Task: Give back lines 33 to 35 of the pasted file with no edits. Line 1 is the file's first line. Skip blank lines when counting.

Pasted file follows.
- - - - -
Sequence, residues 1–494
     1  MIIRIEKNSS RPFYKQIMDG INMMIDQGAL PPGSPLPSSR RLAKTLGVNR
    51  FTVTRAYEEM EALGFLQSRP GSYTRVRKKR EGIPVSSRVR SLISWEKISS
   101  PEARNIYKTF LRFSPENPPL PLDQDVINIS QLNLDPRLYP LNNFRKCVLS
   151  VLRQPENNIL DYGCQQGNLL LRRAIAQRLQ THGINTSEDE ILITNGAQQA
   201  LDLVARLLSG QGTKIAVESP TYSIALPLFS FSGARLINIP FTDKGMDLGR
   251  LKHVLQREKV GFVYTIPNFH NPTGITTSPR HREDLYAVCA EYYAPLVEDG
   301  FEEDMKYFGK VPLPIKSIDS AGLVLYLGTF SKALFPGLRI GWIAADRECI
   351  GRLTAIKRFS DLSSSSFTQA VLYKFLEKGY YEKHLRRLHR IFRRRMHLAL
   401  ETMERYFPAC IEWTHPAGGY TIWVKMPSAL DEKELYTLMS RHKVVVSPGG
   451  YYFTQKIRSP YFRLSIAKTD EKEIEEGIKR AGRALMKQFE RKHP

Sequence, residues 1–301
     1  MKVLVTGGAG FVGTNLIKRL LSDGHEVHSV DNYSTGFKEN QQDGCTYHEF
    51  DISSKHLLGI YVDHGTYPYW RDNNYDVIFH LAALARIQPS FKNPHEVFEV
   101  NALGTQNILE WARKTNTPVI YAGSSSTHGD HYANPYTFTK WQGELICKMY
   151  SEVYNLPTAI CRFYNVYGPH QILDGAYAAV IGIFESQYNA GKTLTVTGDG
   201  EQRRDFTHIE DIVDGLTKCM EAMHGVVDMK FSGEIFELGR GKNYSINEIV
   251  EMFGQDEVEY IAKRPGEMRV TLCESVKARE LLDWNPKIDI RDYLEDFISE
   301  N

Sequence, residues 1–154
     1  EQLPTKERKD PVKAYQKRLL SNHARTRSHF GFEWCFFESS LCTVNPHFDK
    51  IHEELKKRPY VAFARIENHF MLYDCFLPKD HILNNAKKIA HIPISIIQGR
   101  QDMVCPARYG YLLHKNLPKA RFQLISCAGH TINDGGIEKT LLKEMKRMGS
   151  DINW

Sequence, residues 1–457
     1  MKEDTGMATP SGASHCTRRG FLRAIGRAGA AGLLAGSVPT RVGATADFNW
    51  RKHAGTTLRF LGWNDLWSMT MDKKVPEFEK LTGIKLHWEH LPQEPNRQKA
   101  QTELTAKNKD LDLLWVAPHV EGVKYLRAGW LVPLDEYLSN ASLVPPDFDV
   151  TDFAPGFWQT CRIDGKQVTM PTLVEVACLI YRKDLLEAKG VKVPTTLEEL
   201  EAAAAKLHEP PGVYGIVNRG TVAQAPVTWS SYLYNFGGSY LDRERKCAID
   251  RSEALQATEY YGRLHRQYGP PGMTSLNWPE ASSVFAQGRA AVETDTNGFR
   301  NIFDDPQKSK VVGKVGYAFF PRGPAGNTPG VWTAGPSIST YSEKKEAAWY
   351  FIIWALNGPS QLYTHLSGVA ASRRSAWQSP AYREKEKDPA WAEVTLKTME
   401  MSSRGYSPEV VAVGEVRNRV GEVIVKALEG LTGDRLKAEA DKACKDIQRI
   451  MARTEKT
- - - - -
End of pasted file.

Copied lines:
   351  FIIWALNGPS QLYTHLSGVA ASRRSAWQSP AYREKEKDPA WAEVTLKTME
   401  MSSRGYSPEV VAVGEVRNRV GEVIVKALEG LTGDRLKAEA DKACKDIQRI
   451  MARTEKT